Online Learning: Different Schools of Thought
Where and how students learn is completely subjective. Some thrive on the teacher-student interaction felt in the classroom, while others find it easier to tune in online and connect with the class at any time and from any location. Both methods are effective, but a wireless education may be what the future of America’s college system brings. The question is at what cost.
Online learning is the most convenient way to pursue a college degree or even just take online classes. The cost for courses and/or a degree is significantly lower than attending them on campus, especially if you sign up for a Massive Open Online Course (MOOC). In this case, each class is free. There is great flexibility in earning a degree or taking classes online, as well as many are self-paced in nature, while still being effective.1 However, if you are not a tech-savvy person, online learning can be cumbersome.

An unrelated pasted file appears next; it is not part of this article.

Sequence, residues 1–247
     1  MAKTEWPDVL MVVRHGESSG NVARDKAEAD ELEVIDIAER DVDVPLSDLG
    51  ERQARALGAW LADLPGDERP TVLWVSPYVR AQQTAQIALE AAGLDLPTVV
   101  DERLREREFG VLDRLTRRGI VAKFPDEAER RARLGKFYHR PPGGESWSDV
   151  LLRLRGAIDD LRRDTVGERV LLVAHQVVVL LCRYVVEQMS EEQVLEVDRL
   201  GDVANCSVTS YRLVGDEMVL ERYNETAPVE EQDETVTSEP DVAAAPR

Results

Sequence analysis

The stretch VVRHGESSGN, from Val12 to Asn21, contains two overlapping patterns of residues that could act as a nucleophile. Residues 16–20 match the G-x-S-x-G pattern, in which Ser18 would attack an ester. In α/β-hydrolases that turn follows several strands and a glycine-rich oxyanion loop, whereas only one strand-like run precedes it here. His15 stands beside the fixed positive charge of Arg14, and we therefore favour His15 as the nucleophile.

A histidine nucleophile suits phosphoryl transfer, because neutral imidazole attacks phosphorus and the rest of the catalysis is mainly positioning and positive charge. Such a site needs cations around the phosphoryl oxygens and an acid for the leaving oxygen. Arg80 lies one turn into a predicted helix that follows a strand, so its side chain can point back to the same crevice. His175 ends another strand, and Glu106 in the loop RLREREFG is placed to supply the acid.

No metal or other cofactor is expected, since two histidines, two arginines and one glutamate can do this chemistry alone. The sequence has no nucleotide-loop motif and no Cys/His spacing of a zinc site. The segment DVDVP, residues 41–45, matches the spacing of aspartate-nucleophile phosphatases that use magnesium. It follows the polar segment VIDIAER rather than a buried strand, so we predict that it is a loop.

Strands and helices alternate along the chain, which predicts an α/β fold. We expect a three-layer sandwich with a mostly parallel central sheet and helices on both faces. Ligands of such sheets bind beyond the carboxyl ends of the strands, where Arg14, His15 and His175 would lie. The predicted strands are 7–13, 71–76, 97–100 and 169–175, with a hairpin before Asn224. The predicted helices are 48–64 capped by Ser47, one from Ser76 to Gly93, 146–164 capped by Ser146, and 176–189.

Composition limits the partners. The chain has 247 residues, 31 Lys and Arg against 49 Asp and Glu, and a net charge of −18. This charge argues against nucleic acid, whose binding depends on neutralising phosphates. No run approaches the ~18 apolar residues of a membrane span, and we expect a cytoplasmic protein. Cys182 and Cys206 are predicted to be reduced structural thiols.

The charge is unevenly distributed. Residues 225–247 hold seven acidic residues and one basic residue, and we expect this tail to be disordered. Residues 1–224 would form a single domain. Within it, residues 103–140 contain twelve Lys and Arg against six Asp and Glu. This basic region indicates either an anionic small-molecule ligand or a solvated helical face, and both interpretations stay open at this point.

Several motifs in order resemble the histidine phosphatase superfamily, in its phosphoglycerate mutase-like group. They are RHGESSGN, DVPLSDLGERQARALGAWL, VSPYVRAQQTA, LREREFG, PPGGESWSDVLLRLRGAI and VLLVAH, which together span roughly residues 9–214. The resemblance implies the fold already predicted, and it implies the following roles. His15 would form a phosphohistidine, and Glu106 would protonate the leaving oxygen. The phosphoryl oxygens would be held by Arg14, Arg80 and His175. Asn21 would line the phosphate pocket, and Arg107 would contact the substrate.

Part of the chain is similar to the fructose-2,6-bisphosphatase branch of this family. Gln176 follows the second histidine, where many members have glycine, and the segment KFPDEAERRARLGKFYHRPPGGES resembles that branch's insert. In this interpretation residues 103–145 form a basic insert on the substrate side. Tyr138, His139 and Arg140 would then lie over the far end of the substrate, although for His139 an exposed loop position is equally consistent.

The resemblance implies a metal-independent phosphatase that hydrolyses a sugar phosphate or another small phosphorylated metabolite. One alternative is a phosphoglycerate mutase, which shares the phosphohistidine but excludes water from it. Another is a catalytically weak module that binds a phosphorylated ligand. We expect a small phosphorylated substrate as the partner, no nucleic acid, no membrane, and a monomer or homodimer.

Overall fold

Dropout rates for some online learning institutions is high. In fact, while enrollment for many online courses, including MOOCs has significantly increased, so have the dropout rates. Students may have a change in academic interest or conclude that there is a lack of information needed within the course. Learners have also been known to drop out because they lack motivation to finish all the coursework. 2
Finally, if it seems to good to be true, then it probably isn't worth a student's time. With the advent of MOOCs, many unaccredited colleges and agencies are popping up online. Degree seekers can fall prey to the false offers and commitments. In the end, they find out their money and time have been wasted. It's in cases such as these that online learning is not beneficial.